Weʼre raising £500 to volunteer in Peru for a month.
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My name is Niamh Allen. I am currently 14 years old and will be 16 when I travel to Peru in the summer of 2020. I feel strongly about volunteering because I believe that self satisfaction comes from helping others less fortunate than myself. I am lucky, like most teens my age growing up in western society; I have a laptop, a mobile phone, I get to go out with my friends on social events and get Christmas and birthday presents. All the things we come to expect automatically...
Did you know that if you have food in your fridge, clothes on your back, shoes on your feet and a roof over your head you are richer than 75% of the worlds population?
And that if you have a bank account and money in your wallet, you are richer than 92% of the worlds population?
A quarter of the Peruvian population live on the equivalent of just £1.50 a day!
Although Peru has one of the world's fastest-growing economies, the disparity between the rich and poor is still a very evident problem. For instance in Lima, there is a wall of shame. Literally a wall dividing the rich areas and the poor areas. It was initially put up over fears that the inhabitants from the poor neighbourhood would steal from wealthy fellow citizens living nearby. The structure, also nicknamed 'Peru's Berlin Wall' is made out of wire and cement and splits the neighbourhoods of San Juan de Miraflores and Surco.
Peru, is affected by many natural disasters due to being located in a seismic zone. Earthquakes, landslides, flooding and droughts impact the people of Peru, which means that a lot of money is spent on repairs and regeneration. Peruvian women make 30% less than their male counterparts and have partaken in marches and demonstrations to protest for their rights.
There has been a steady increase since 2005 in the number of children enrolled in Peruvian schools, with 72% of 3-5 year olds, 97% of 6-11 year olds and 91% of 12-16 year olds enrolling. However with 34% of children aged between 5-17 years of age working in the labour force, enrolment rates do not equal attendance rates and many of the children in rural and poverty stricken areas are forced to work having enrolled for school but never make it to the classroom.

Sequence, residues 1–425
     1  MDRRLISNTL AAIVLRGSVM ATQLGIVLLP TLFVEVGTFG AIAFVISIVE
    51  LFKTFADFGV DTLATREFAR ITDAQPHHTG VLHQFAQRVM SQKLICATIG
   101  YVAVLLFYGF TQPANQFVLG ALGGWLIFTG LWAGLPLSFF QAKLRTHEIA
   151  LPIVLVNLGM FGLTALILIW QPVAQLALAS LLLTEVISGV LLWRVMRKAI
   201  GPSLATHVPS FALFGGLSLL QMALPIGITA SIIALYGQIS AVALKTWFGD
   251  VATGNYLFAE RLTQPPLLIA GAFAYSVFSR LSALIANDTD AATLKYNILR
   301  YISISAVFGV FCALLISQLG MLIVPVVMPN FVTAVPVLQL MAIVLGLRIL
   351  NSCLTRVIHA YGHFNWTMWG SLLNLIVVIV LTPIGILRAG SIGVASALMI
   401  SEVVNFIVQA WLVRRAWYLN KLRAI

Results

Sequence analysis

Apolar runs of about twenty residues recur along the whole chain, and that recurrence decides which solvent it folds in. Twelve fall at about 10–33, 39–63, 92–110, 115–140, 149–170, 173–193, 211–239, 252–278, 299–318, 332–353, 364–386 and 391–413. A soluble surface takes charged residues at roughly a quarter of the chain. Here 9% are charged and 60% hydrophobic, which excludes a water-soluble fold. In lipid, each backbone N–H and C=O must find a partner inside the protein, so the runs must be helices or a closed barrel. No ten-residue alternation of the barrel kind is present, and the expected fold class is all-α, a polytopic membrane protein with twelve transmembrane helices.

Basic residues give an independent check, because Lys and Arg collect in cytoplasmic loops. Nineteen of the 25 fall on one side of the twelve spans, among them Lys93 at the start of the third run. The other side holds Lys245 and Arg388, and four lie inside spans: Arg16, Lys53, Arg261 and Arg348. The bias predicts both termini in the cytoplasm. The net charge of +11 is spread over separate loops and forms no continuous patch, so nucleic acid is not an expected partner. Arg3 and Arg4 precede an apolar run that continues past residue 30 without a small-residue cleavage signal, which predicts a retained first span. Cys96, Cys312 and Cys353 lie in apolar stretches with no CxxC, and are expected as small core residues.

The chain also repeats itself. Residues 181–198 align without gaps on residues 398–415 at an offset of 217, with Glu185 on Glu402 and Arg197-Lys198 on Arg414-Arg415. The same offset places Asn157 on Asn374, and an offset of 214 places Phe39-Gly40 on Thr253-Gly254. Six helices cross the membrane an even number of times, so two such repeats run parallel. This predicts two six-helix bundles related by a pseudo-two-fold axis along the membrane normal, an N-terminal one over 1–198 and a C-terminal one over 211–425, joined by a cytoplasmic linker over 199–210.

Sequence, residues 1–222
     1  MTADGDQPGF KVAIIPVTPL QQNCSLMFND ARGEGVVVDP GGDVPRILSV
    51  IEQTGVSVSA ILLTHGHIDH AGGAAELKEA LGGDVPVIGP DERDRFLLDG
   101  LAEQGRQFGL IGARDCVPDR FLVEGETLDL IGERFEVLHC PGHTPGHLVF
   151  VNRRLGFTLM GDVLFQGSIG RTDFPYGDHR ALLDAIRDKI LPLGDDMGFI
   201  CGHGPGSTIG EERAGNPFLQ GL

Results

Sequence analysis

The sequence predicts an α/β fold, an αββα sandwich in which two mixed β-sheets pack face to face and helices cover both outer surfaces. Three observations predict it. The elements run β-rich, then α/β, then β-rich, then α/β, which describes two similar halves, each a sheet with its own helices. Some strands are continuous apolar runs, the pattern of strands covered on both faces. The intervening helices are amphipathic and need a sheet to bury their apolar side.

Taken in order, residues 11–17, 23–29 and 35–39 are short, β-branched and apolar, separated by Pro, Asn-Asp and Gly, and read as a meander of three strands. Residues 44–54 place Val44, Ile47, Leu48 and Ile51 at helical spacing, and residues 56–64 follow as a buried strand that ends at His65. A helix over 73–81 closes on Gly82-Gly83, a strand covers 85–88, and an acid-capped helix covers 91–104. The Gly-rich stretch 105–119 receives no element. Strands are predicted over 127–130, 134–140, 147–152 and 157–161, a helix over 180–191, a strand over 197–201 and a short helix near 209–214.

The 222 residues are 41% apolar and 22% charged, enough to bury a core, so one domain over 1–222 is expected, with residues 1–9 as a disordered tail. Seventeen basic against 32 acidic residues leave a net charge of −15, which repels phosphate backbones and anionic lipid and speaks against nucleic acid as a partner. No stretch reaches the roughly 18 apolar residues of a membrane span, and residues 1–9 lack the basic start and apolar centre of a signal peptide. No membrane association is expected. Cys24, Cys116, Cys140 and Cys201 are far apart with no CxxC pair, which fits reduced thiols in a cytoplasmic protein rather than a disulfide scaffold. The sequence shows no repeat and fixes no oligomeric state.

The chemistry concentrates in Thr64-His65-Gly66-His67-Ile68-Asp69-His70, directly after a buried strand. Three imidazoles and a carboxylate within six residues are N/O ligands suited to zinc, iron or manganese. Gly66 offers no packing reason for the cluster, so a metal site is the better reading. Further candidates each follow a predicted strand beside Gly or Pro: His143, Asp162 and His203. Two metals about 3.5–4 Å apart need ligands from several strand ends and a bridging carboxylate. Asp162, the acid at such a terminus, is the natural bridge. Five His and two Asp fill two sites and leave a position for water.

Whilst in Peru I will be part of a large team, making mud bricks to build schools and elderly homes, as well as greenhouses for families so they can grow their own vegetables, providing a sustainable source of food and income. I will also be working with the community to do things like planting trees, to counter the (approximately) 2262 hectares that they lose each year.
I will work on projects in many different locations, such as where the indigenous tribes of lake Titicaca reside, who build their houses on floating islands made from reeds. Near the end of the trip I will also trek to Machu Picchu which should take about 5 days.
Over 60% of the funds raised for this trip go directly to the pockets of the people of Peru.
I aim to raise the majority of funds myself and hope that this will lead to obtaining a good set of financial and planning skills and I will be combining the trek with my Duke of Edinburgh Gold award and the ASDANS CoPE Level 3 award which accredits personal and social education with skills and enrichment activities. As well as completing my GCSE’s, attending theatre school for 7 hours a week and getting fit for the trip- I will be very busy!
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Niamh Allen started crowdfunding